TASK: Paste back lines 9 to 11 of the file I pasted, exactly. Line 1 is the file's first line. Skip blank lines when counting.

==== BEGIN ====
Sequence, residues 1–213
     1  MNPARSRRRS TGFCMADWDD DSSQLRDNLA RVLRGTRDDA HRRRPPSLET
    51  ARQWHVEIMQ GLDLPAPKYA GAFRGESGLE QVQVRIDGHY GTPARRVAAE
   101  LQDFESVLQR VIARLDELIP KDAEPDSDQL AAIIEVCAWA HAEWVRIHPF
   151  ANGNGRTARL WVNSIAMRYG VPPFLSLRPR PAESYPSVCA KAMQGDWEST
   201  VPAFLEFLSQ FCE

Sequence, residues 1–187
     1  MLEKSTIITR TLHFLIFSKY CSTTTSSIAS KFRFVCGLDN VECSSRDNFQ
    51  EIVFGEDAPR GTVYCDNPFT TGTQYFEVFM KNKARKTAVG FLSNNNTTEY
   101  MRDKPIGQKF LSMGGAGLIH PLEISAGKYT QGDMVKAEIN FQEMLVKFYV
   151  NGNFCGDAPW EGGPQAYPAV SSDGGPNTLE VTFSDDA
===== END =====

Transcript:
    51  EIVFGEDAPR GTVYCDNPFT TGTQYFEVFM KNKARKTAVG FLSNNNTTEY
   101  MRDKPIGQKF LSMGGAGLIH PLEISAGKYT QGDMVKAEIN FQEMLVKFYV
   151  NGNFCGDAPW EGGPQAYPAV SSDGGPNTLE VTFSDDA